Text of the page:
Blockhain Abuse: Next-generation Malware Practices
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Blockhain Abuse: Next-Generation Malware Practices

As more and more software developers start to rely on blockchain networks to start their future projects, so are the possibilities to intrude into the devised decentralized infrastructure. Computer hackers are actively seeking ways to weaken the security of the established applications and security researchers are worried that the next generation of malware are soon to be released. As the popularity of this concept grows so do the implications of possible blockchain abuse.

Rising Blockchain Adoption

At the moment the Blockchain concept is usually applied to financial operations, particularly ICOs (initial coin offering). And while Bitcoin was the project that made Blockchain adoption popular, there are plenty of other reasons why it is suitable for mass use. The system relies on blocks of secure data that are linked using a worldwide network using a distributed ledger that is both efficient at integrating with small or extremely large-scale services. A distinct feature of existing projects is the fact that the performance of the services depend on the connected nodes. This is considered into effect and is a result of the decentralized nature of the system. The key advantage found in the Blockchain is that there is no centralized party that controls all transactions. The use of a distributed and secure ledger makes it possible to use the community reputation of the connected nodes in order to authenticate the operations. The blockchain itself relies on three main components: The Private Key Cryptography Cipher, the P2P nnetwork and the actual program that contains the protocol instructions.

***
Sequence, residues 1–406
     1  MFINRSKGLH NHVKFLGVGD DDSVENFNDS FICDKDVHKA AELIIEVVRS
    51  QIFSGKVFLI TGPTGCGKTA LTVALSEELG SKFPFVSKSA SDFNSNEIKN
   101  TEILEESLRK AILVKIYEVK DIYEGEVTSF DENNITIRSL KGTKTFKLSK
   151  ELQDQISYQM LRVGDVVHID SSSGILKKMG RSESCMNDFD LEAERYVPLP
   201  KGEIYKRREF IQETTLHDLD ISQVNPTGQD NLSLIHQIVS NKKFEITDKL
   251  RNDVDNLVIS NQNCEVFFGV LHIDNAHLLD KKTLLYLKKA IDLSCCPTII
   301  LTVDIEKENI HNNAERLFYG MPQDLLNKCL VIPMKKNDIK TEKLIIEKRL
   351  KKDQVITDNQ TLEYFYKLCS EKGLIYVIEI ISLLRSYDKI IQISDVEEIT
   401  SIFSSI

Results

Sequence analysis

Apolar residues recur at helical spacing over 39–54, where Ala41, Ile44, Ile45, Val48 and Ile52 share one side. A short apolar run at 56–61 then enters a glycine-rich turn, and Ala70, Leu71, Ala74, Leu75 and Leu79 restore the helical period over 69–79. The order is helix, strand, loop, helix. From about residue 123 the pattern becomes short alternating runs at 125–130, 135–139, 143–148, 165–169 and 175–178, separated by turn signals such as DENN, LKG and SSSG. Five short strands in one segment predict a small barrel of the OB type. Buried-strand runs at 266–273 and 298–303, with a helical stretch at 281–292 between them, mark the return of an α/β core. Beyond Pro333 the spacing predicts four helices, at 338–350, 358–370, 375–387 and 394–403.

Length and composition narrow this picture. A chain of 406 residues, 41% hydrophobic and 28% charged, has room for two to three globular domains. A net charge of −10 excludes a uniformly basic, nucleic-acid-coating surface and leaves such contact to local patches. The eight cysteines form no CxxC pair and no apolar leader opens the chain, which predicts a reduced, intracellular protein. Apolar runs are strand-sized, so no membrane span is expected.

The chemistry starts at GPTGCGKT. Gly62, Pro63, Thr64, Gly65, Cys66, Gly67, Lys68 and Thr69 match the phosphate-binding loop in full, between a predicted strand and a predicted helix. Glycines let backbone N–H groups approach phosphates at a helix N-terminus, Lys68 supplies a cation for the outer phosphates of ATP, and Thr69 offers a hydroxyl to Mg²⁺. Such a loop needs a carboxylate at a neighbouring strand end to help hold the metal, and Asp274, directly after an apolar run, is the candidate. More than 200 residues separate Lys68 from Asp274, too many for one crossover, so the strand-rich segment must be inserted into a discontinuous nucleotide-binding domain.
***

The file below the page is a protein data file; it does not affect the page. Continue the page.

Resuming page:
Blockchain projects are being produced in many industries as the developers have found the concept easy to implement in all kinds of planned services such as smart contracts and financial operations. The state of adoption and utilization of such technologies is enormous according to a recent report issued by IDC. Their analysis shows that worldwide spending will grow from $1.8 billion to $8.1 billion in 2021. In a mathematical expression this shows a compound annual growth rate of 80%.

Related Story: ICO Security: Current Threats and Trends

Blockchain Abuse Possibilities

Computer hackers are actively searching for ways to effectively intrude into existing blockchain networks. Their methods mostly rely on attempting to bulk send (save) malware data to the ledger. However effective viruses cannot be delivered through the network as it is practically impossible to constitute a command and control center on the network. The experts note that if a dangerous command is verified by the majority of the nodes and instituted as part of the chain it cannot be easily taken down. In a similar way P2P networks such as the Tor Network (and its associated browser and nodes) are resilient to take down attempts.

The blockchain is resilient to data modification and this can be exploited by hackers. One of the most important features part of the Blockchain is censorship resistance. On the public Internet is used to prevent various forms of abuse. Another privacy-centric feature of the Internet is the lawful implementation of the right to be forgotten. It can be used by the Internet users that can request links and content containing their personal information to be removed. However on a censorship resistant blockchain implementation this may not work.

Direct Blockchain abuse cannot be performed without the hackers overtaking the majority of the nodes. As such they will need to focus on using alternative techniques. We remind our readers that the use of an anti-spyware solution can protect them from any incoming malware threats. Resilient malware that infiltrates target computers can overtake control of wallets and blockchain software. These may be used as possible entry points that criminals can leverage in their attacks.

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Martin Beltov

Martin graduated with a degree in Publishing from Sofia University. As a cyber security enthusiast he enjoys writing about the latest threats and mechanisms of intrusion.

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